When Chris Victor started attending local hardcore shows in Dallas over 15 years ago, he didn’t see a lot of Black hardcore fans like himself. He said he felt like an oddball at the time. His Black friends even queried him for going to “crazy white people” shows. Today, Victor is the frontman of True Grit, an outlaw country hardcore band. He’s also the founder of local music blog Bored Magazine, which covers the hardcore scene.

“It brings me so much joy seeing more people of color in an environment like this, it feels like a sea of black kids that I see at shows.” Victor said. “It’s way more diverse now than it was before, and I’m not even talking about just race, but sexuality.”

River Elliott is the bassist of True Grit, but she’s widely known as the frontwoman of local metallic hardcore band Ballista. She’s a black trans woman who’s vocal about trans visibility through her music with Ballista. Last year, Ballista released Trans Day of Violence, an EP that violently speaks out against transphobia and is aimed at anti-trans laws across the country.

“One of the reasons why it’s important to me to be as loud and proud with my trans-ness as possible is because I think it’s important to show the community that we don’t have to be scared of anyone,” Elliott said. “If, through my angry, reactionary death metal lyrics someone, an ally or otherwise, can get a new perspective of how transphobia makes us feel, I think that would be great.”

Another woman in the hardcore punk scene providing a fresh perspective is Nat Marez of the hardcore punk band Muñeca. Marez is Latina and mom to a 5-year-old daughter. The vocalist said that through Muñeca she proves she can pursue hardcore music and provide a good life for her child.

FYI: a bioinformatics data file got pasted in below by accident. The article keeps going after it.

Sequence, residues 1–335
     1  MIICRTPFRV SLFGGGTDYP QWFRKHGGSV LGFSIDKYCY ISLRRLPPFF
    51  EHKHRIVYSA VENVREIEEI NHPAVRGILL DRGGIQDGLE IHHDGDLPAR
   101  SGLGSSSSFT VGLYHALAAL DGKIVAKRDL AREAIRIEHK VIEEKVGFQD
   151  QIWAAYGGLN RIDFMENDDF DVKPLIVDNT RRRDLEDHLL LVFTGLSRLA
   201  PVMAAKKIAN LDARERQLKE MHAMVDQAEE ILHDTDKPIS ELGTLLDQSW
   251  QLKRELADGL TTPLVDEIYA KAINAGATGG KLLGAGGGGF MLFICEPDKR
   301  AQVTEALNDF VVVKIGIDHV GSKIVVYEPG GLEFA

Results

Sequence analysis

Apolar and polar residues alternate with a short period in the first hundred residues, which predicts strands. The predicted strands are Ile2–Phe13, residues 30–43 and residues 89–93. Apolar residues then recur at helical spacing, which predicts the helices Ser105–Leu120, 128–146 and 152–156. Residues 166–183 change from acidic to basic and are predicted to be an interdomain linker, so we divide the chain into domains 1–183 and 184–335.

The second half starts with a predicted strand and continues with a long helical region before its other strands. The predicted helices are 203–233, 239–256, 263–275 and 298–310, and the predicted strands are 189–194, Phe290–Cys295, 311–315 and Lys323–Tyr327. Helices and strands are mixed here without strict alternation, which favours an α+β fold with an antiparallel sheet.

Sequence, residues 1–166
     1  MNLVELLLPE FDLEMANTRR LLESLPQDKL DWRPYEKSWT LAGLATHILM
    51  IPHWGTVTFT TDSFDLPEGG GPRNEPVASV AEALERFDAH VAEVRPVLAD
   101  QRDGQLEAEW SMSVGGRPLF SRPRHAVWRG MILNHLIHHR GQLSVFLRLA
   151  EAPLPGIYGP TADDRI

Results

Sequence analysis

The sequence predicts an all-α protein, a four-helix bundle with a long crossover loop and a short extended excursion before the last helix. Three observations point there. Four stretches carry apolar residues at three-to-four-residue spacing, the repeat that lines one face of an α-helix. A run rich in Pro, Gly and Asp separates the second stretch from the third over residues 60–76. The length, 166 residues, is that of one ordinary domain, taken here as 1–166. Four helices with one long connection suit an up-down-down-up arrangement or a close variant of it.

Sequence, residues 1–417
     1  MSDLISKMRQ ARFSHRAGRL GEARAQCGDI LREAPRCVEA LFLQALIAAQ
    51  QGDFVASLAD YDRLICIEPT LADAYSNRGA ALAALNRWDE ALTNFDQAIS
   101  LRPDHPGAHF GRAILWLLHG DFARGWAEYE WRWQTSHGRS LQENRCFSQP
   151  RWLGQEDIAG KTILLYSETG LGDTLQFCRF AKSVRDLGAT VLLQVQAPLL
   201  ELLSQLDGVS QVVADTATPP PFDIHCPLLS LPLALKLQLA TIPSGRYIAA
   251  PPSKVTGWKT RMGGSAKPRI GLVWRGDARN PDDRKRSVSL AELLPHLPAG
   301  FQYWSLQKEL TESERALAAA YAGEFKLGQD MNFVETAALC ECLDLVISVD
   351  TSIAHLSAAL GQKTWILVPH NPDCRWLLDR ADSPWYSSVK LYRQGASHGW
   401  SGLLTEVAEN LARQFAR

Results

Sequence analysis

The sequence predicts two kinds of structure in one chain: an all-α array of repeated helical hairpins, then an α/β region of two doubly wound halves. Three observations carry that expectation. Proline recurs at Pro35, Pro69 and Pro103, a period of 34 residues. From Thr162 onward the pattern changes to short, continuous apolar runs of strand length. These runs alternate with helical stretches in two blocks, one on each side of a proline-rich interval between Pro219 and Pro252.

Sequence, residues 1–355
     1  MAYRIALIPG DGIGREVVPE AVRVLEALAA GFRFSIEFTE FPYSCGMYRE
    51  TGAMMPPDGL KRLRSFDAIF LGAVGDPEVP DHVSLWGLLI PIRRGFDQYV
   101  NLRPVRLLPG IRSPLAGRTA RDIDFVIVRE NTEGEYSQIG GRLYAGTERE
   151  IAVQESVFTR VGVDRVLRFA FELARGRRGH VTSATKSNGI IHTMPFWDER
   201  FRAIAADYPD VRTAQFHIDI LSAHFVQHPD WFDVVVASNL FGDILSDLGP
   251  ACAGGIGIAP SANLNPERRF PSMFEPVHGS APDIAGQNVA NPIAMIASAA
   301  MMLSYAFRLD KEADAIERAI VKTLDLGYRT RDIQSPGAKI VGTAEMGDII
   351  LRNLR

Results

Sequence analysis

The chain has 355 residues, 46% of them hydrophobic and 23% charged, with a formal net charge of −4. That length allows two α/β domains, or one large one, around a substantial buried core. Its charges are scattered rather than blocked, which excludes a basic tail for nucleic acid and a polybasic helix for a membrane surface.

“I always felt out of place in the scene because not many parents are in bands, especially mothers,” Marez said. “Now that I am doing it, it inspires my daughter that she can do whatever she wants, and she tells me how much she loves our band. She even talks about being in a band one day.”

Muñeca uses its music to protest from a woman’s point of view. Its song “Femicide” speaks about sexual violence, fear of men with malicious intentions and uniting women to take these men down.

Muñeca, True Grit and Gagging Order are just a few of the bands in North Texas changing the face of hardcore music. It’s a vibrant scene that’s continuing to evolve and change, and one that Fleming said you can’t find anywhere else.

“When you go to hardcore shows in other parts of the country, it’s not as nearly as diverse as what we have down here,” Fleming said. “You’re not going to see the same mix of people that you would anywhere in Texas, for that matter.”

Arts Access is an arts journalism collaboration powered by The Dallas Morning News and KERA.

This community-funded journalism initiative is funded by the Better Together Fund, Carol & Don Glendenning, City of Dallas OAC, The University of Texas at Dallas, Communities Foundation of Texas, The Dallas Foundation, Eugene McDermott Foundation, James & Gayle Halperin Foundation, Jennifer & Peter Altabef and The Meadows Foundation. The News and KERA retain full editorial control of Arts Access’ journalism.